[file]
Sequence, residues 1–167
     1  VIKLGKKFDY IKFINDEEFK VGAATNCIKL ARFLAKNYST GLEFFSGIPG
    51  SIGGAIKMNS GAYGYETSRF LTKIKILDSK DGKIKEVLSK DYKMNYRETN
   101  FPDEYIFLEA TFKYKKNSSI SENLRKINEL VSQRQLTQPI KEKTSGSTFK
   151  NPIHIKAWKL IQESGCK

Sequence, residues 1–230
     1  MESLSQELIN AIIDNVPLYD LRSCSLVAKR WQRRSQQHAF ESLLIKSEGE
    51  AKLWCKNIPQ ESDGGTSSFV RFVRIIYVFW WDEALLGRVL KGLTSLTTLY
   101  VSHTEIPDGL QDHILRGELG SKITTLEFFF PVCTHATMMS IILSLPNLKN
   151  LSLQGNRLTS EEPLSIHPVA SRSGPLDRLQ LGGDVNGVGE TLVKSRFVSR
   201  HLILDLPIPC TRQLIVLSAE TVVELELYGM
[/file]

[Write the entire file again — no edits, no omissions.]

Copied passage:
Sequence, residues 1–167
     1  VIKLGKKFDY IKFINDEEFK VGAATNCIKL ARFLAKNYST GLEFFSGIPG
    51  SIGGAIKMNS GAYGYETSRF LTKIKILDSK DGKIKEVLSK DYKMNYRETN
   101  FPDEYIFLEA TFKYKKNSSI SENLRKINEL VSQRQLTQPI KEKTSGSTFK
   151  NPIHIKAWKL IQESGCK

Sequence, residues 1–230
     1  MESLSQELIN AIIDNVPLYD LRSCSLVAKR WQRRSQQHAF ESLLIKSEGE
    51  AKLWCKNIPQ ESDGGTSSFV RFVRIIYVFW WDEALLGRVL KGLTSLTTLY
   101  VSHTEIPDGL QDHILRGELG SKITTLEFFF PVCTHATMMS IILSLPNLKN
   151  LSLQGNRLTS EEPLSIHPVA SRSGPLDRLQ LGGDVNGVGE TLVKSRFVSR
   201  HLILDLPIPC TRQLIVLSAE TVVELELYGM